Nor was the rationed rice fit for anything but pre-war pig-feed. Not for years had the Japanese tasted, outside of the black market, the large white luscious grains to which they were accustomed; now they must swallow the small dark grains of unpolished rice, mixed plentifully with barley and the dried tasteless husks of pressed beans. Fresh fish had already become a novelty; the supply in the Tokyo market had sunk from 400 tons in June 1943 to 135 in January 1944; two or three small salted sardines were all that could be expected from the normal issue. Vegetables were more plentiful but the supply in the market had already sunk from a typical 33,500 tons in January 1943 to less than 17,000 in April 1944. The people of Tokyo were receiving only an average of 146 grams of vegetables per person per day instead of the 220 of the year before and these were mostly sweet potatoes; only once in a while was there a head of wilted cabbage or an enormous radish to be pickled in vinegar and bean-sauce. Meat if course was a memory whose existence was not officially recognized and perhaps not too poignantly remembered in a Buddhist country.
In the wake of these receding rations the people of Tokyo went scouring for the black market. It was a dangerous game, punishable for both buyer and seller, but it paid well. The trains were packed full of grim housewives loaded down with knapsacks knobby with potatoes or redolent of radish. Fishblood dripped from the baggage racks. In the back slits of the green plush seats there was often a tell-tale train of white rice grains.
Prices rose implacably. To give one instance, an egg cost 50 sen, then 75 sen, one yen, two yen, until at the end of 1944 it was costing as much as five yen. Those who could not afford to pay these prices lined up patiently at the “national restaurants” and waited for half an hour to get a bowlful of rice porridge or noodles. It was estimated that a million and a half people in Tokyo alone lined up for uncounted wasted hours every noon.
Even the official price indices could not conceal the rising cost of living. In August 1944 the Bank of Japan noted that, with July 1914=100, retail prices in Tokyo had gone to an average of 318.7 in July 1944. The Tokyo City Office for its part put the figure at 266.5 with July 1937=100. On the same basis the cabinet bureau of statistics estimated that the index of workers’ living costs (food, housing, fuel, and light, clothing, others) had risen to 173.1 in June 1944.
Obviously neither the black market nor the urgent needs that fed it were taken into account in these sketchy statistics. If food was insufficient, fuel and clothing were almost non-existent in the rations. Gas and electricity were strictly forbidden for heating and grudgingly rationed for cooking. An elaborate system of quotas and fines restricted their use to the barest minimum. Not one hunk of coal was available for private use. Most Japanese perhaps did not miss it because from time immemorial their small frame houses had been heated by hand-braziers fed with charcoal. But even this was doled out sparingly.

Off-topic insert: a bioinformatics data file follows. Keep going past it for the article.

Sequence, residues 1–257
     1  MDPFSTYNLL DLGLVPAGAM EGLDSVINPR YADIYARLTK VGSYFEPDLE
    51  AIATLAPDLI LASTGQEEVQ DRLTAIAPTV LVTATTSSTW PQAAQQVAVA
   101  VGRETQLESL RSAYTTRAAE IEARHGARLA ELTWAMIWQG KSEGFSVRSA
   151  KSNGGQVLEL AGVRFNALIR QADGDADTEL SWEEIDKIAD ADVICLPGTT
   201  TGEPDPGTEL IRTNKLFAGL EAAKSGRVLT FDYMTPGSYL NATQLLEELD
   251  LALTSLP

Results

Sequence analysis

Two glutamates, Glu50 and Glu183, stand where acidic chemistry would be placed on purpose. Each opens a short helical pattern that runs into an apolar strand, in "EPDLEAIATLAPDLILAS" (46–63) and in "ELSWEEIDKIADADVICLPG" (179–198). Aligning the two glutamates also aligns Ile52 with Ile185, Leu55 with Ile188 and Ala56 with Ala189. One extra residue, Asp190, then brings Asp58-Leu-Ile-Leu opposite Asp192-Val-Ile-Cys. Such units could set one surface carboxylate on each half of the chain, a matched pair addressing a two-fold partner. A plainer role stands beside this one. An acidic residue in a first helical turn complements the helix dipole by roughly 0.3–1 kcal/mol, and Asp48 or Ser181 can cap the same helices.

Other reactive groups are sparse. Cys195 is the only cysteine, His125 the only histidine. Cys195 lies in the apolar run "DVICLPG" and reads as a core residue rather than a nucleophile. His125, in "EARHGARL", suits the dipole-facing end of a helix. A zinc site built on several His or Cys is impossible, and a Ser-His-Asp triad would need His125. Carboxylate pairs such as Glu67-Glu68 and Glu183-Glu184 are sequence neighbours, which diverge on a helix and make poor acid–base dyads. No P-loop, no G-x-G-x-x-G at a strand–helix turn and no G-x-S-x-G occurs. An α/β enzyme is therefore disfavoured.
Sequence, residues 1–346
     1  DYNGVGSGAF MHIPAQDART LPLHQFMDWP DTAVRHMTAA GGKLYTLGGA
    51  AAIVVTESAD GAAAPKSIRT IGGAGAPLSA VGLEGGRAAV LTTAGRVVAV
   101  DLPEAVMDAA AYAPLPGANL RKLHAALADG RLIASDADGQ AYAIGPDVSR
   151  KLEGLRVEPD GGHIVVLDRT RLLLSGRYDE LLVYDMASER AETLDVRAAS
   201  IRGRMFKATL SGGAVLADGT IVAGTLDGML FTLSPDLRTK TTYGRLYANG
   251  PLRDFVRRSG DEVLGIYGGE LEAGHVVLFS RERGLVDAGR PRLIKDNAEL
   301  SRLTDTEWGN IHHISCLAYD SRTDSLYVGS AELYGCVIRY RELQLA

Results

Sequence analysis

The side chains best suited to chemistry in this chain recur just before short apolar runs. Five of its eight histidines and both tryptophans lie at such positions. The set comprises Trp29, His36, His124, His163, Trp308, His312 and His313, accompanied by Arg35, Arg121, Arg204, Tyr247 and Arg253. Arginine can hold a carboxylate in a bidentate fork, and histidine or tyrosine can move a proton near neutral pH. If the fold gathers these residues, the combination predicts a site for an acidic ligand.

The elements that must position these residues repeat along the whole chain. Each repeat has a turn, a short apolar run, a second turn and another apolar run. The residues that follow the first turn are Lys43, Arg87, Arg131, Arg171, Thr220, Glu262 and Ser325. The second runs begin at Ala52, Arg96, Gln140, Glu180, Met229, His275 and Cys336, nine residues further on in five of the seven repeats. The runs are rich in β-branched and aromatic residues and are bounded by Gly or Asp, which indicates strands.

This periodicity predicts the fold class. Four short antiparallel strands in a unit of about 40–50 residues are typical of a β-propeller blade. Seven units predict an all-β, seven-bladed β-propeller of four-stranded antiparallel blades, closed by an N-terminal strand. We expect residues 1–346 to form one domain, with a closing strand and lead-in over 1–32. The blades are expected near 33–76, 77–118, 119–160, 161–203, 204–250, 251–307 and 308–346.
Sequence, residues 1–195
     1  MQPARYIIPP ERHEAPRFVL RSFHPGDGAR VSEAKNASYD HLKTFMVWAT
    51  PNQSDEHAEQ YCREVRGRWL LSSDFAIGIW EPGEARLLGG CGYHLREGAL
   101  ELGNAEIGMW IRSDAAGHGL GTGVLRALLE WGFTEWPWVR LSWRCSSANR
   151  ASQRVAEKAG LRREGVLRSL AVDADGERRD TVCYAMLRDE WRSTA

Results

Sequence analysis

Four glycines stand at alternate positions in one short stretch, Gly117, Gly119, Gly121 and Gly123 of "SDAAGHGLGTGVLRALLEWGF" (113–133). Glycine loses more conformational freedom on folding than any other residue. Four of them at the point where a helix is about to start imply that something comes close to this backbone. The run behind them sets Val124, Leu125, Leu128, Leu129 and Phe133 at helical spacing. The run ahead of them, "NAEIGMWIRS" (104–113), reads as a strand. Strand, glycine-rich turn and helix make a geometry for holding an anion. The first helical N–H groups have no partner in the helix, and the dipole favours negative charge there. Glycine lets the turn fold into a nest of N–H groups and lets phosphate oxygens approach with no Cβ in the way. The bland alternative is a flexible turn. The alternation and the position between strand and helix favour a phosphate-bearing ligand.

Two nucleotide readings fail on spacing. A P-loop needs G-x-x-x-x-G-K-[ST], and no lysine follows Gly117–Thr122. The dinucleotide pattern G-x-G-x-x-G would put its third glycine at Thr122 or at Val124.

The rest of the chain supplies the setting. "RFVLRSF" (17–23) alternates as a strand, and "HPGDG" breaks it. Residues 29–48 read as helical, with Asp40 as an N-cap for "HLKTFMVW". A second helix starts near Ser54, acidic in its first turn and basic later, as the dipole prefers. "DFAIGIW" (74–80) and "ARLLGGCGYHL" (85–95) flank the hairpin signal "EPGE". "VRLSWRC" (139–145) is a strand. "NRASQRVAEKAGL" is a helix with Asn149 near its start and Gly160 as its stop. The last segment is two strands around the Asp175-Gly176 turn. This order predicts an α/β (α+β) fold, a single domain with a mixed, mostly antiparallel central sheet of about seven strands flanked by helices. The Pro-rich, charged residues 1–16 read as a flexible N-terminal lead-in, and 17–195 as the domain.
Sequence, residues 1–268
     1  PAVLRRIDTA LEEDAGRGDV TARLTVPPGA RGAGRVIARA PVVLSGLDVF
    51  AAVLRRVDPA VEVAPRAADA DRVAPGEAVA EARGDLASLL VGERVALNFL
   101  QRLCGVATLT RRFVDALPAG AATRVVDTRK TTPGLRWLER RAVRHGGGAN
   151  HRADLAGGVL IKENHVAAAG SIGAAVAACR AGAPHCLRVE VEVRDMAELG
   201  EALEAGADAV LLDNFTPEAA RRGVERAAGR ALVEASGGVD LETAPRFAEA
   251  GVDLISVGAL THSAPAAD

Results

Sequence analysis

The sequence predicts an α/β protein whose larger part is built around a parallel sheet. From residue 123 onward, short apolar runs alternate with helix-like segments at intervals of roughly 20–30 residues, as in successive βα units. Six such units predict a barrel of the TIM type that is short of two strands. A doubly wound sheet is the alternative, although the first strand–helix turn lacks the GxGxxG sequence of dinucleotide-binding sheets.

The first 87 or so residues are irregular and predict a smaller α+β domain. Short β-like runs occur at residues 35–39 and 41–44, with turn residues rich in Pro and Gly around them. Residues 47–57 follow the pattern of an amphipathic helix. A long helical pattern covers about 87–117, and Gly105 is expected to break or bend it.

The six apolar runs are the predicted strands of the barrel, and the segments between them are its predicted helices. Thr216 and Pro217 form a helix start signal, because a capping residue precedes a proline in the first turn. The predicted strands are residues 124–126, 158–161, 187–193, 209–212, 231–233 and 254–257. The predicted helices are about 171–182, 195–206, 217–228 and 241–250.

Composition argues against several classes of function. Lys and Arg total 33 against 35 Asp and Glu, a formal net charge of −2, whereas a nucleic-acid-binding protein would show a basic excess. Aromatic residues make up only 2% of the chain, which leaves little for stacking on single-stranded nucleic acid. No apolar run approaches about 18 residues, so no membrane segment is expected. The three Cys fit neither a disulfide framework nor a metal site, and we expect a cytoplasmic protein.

Companion to the food-ration booklet was one for fuel which noted for the information of the authorities whether the household in question did its cooking at home or not, whether it used gas or not, and the area of the living quarters. On this basis allotments of charcoal and or firewood were made, staggered to conform with the greater needs of winter. In our particular case, with two persons in the household, living quarters equivalent to 32 tatami (rice-straw mats used as a unit of measurement in Japanese houses), cooking at home with gas, a basic distribution of five bales of charcoal was allotted, receivable one each in May, August, October, December and January.
By 1944 the Japanese were not only hungry and cold; they were also almost in tatters. They were a nation in uniform. It was an odd makeshift sort of uniform but it had made the gay graceful kimono of the tourist folders just as rare as a European frock. By decree the national costume for the man was a closed-collar military tunic and trousers cut from a deep green ersatz fabric of silk mixed with wool and cotton. The original official pattern called for a civilian soldier, trim and egalitarian in a peaked cap and neat olive-drab suit. But he was soon lost in a loose mob of individual preferences and personal necessities.
He became an unshaven clerk in a wrinkled and sweat-stained tunic gaping at the neck, worn over a variety of trousers: brown tweed, blue wool, gray herringbone, all the legacies of a more pretentious past. He became a grinning grimy worker with a faded blue Japanese jacket, marked with the bold characters of his trade or employer, falling loosely over the stained and faded uniform trousers, wrapped from the knee in black gaiters and ending in the frayed straw sandals of the poor. In the end only the peaked cap remained as a solitary symbol of totalitarian regimentation. Everyone wore the peaked cap, even the dudes of the Foreign Office in their imported suits.